ETS Event of Fall 2020
Blog for ETS of Fall 2020
Deep Tremor News: Fall - Winter 2020
This BLOG-like page is being generated in a form similar to previous ETS ones to document and provide information on a Northern Washington ETS that should start sometime between Oct. and Dec, 2020. There are no special experiments in the field for this ETS. We will be tracking and reporting on this ETS using data only from the real-time regional networks (UW, UO, CN, PB, CA) and/or information reported to us by others.
Produced by Steve Malone, PNSN Professor Emeritus
Information will be posted on this page (latest at the bottom) and references to figures from time to time.
NEWS (latest is at the bottom):
Sep. 16, 2020 - In anticipation of a routine ETS (or pair of them) in the northern Washington (NWA) - southern Vancouver Island (SVI) section of Cascadia I am starting this blog a bit early. Of course, how this next ETS will start and if it will be one regular event (as typical over the past 15 years) or come as a pair as it (they) did last year is unknown at this point. If one looks at the details of the 2019 - summer ETS one sees that it really was two smaller ETS events separated by over two months. Thus we really don't know when the typical repeat time of ~14 months clock should start. The recent burst of activity in Southern Vancouver Island seems to be just that, a burst of a few days and not strong or long enough to be an ETS. The next ETS in this area could start as soon as early October or it might not be until January, 2021; or there could be again two separate ETS events separated by months. ETS sequences are far from understood so any number of things are possible. Stay tuned.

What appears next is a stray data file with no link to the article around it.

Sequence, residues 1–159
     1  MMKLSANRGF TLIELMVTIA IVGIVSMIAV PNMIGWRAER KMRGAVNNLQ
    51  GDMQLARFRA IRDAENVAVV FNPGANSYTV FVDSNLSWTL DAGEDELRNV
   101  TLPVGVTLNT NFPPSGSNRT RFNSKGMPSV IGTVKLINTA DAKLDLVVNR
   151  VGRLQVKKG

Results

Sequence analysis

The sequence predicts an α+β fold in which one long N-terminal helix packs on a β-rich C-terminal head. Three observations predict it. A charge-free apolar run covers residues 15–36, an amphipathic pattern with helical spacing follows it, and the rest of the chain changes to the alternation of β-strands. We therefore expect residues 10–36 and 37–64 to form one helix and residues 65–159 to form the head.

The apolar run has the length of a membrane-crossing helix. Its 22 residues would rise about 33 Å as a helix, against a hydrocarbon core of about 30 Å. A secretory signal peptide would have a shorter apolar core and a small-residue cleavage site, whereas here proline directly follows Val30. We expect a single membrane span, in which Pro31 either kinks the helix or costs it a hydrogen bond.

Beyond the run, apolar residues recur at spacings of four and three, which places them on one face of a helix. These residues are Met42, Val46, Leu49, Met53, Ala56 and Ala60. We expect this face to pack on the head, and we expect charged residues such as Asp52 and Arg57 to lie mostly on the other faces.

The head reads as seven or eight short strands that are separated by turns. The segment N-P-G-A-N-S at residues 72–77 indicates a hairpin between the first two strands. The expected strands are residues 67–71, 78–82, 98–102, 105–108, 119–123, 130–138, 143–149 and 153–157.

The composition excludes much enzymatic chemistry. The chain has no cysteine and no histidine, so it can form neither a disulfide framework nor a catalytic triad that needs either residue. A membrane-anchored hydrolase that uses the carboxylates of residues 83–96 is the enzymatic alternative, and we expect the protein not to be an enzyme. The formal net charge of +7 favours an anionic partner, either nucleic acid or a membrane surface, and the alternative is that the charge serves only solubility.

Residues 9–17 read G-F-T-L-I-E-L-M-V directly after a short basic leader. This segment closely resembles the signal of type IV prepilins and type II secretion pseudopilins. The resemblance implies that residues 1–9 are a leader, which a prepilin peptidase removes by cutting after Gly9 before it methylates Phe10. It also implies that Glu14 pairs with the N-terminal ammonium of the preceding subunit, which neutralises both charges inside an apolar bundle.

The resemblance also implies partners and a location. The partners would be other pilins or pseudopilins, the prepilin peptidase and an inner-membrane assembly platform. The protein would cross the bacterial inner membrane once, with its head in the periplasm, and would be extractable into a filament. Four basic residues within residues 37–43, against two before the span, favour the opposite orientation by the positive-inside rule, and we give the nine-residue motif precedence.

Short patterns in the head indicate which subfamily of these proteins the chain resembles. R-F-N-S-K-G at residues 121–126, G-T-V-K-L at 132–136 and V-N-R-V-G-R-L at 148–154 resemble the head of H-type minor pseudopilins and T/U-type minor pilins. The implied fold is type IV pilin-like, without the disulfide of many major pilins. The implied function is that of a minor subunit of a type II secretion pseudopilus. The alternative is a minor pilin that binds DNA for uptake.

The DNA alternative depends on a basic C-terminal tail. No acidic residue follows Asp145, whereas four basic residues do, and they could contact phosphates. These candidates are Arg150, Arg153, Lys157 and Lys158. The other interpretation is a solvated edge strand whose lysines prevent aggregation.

By the way, we have received inquiries from several people about reports of an unprecedented amount of tremor taking place recently. It is not clear to us why some think there is significantly unusual tremor activity taking place. There is not. We recommend before folks get all excited about what our daily tremor page shows that one review the data and reports for the past 15+ years. Lots of details can be found in the individual reports listed at the Tremor Overview page and a very good summary of overall tremor patterns was written by Aaron Wech, an expert in such events not only in Cascadia but also elsewhere in the world called A Perspective on Tremor Activity. Dr. Wech recently allowed how we should keep in mind the break or change in the catalog that occurred in February 2018 when he upgraded the monitoring system. Changes in the clustering/detection algorithm then result in a ~50% increase in detected epicenters, so comparing raw number of detections today vs before 2018 isn't apples to apples. Having tremor take place up and down Cascadia at the same time has occurred several times in the past 15 years and thus is not unprecedented. A report on an example can be found at Deep Tremor over much of Cascadia from back in 2013.